ATLANTA - As the sound system pounds out "Glad You Came" by The Wanted, the doors to the modest gymnasium at Sope Creek Elementary School fly open and children come streaming into the room, racing to take their place among the line dancers.
Suddenly there are 75 third-, fourth- and fifth-graders twisting, bending, lunging and hopping their way through a 20-minute set of dance tunes. When the set ends at 8:15 the children stretch, then head back to class.
There is an obesity epidemic harming American children. Childhood obesity rates are double and triple what they were back in the 1950s, when the President's Council on Youth Fitness was founded. Children are not only fatter, they are weaker.
A test given to a million schoolchildren in Georgia last year found only 16 percent could pass the most basic fitness requirements while 20 percent couldn't pass a single element of the five-part test, which included push-ups, running and flexibility. "This is a huge problem," said Brenda Fitzgerald, Georgia's commissioner of public health.
Fitzgerald said hospitalization of children for obesity-related diseases, such as hypertension and diabetes, has increased 300 percent in the past decade.
To fight back, Fitzgerald recommended the state's schools add 30 minutes of exercise every day.
How does it make them feel? "Sweaty!" says a flushed Bryce Cargal, 11, pausing in the hallway after the morning workout.
And alert! "Coach says if we get better cardio then we can learn things better," says Greyson Daly, also 11.
Shawn Maloney, physical education teacher at the Marietta, Ga., school, said the academic payoff of its "Body Shop" and "Sunrise" programs is already evident. "Our test scores have gone up," said Maloney, who helped organize the morning exercise program.
Principal Martha Whalen concurs. "We see a 3 percent increase in third-, fourth- and fifth-grade CRCT scores. They have better attention spans, their learning is better, they have increased memory," she said. Whalen adds that behavioral problems are also down. "You can see everything improves after some exercise."
Behind the desire for better grades in Sope Creek's schoolwide effort to get children moving is another goal that remains unspoken: to save lives.
But Maloney says you can talk about the health crisis all day long and nothing will change. "The same argument has been in play the whole 20 years I've been in the county," he said. "At some point you've got to say, 'maybe we should call some different plays.'" Sope Creek has found a new playbook: Appeal to academics, not health concerns.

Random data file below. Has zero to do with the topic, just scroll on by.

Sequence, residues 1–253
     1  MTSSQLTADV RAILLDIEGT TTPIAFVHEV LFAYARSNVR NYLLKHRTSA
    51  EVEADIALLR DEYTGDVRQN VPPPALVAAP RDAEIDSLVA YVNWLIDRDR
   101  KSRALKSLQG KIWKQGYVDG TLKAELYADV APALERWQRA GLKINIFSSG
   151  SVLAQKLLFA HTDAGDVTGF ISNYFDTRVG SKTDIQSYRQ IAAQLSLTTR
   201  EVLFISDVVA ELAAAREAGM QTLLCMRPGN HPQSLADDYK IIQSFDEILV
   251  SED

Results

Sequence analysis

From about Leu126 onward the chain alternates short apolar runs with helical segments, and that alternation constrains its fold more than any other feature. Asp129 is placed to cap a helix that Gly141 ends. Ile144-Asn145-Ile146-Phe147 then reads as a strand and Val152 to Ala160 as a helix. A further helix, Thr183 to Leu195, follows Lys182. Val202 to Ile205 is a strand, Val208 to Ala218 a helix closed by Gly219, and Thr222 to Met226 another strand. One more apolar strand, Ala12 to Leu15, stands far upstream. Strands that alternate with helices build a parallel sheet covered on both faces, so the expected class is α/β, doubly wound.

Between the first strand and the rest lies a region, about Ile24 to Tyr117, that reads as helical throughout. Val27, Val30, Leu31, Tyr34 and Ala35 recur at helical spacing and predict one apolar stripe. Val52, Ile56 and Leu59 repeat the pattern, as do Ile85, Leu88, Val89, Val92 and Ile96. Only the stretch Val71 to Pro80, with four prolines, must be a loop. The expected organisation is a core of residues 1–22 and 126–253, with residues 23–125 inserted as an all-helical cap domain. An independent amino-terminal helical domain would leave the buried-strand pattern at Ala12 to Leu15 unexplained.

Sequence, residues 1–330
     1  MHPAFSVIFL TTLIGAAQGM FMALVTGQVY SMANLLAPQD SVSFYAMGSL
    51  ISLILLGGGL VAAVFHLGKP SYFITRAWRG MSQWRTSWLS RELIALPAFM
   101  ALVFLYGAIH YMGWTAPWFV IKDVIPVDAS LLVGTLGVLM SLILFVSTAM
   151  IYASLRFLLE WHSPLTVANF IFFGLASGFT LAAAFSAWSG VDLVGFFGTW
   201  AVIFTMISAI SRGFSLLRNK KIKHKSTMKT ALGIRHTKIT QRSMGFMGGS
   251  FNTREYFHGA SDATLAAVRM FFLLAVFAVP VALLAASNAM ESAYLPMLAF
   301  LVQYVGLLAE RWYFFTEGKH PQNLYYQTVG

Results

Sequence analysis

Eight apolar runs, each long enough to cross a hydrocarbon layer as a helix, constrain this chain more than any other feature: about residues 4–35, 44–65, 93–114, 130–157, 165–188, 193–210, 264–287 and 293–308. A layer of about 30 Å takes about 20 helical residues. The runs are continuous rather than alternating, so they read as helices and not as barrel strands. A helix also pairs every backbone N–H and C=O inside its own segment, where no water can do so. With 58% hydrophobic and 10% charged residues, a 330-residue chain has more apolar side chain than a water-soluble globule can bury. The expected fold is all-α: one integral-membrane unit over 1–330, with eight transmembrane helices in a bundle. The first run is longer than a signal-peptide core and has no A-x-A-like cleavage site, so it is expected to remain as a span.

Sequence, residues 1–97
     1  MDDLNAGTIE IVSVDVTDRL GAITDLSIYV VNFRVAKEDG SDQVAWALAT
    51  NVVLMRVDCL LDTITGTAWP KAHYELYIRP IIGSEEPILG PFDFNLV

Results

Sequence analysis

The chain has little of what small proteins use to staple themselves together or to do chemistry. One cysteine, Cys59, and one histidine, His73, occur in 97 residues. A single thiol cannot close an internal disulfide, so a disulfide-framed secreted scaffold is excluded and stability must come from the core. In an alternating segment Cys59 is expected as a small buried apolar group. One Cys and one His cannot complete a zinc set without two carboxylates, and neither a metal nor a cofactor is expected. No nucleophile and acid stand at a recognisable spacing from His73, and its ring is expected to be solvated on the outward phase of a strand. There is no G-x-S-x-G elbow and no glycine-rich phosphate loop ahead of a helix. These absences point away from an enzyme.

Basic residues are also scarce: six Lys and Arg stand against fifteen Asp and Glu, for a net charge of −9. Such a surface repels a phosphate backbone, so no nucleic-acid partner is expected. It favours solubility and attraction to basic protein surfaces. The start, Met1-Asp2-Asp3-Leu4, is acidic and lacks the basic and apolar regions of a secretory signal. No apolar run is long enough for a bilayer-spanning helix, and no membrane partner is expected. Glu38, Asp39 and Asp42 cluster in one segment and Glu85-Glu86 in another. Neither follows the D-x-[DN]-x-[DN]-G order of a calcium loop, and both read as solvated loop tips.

Teachers can opt to have their children participate in the Zumba classes, which come right after the pledge of allegiance, while morning announcements are still going on.
Parent volunteer and Zumba instructor Natalie Rogers has taught about 15 routines to the students during their regular PE classes, which they've memorized. The older students help model the dance moves for the younger ones.
"Because it's to music, the kids love it," said Rogers. "They don't realize it's exercise, they think it's just fun." Students can choose either Zumba or a combination of outdoor exercises, including running, push-ups and rope-jumping.
Those who arrive early can take "Body Shop" activities between 7:15 and 7:50, which include "Gotcha" (a basketball shooting game) and "Wall Ball," which is like handball with an over-sized ball. Students in kindergarten through third grade participate in "Kick-Start," with teacher-led aerobics in the classroom or a walk/jog on the school track. Students can also take "brain-breaks" during the course of the day.
Teachers must sacrifice some class time to participate, and not all want to buy in. But, says Maloney, teachers who have two hours to impart instruction will find if they give up a half-hour, they will get even more work done in the 1.5 hours left. And, he said, the line of kids returning from the field "is a whole lot better to work with." Now the state wants to take the success at Sope Creek and replicate it. "They are the model we use," said Commissioner Fitzgerald. "Our plan is to copy it in every single elementary school in Georgia."
Distributed by MCT Information Services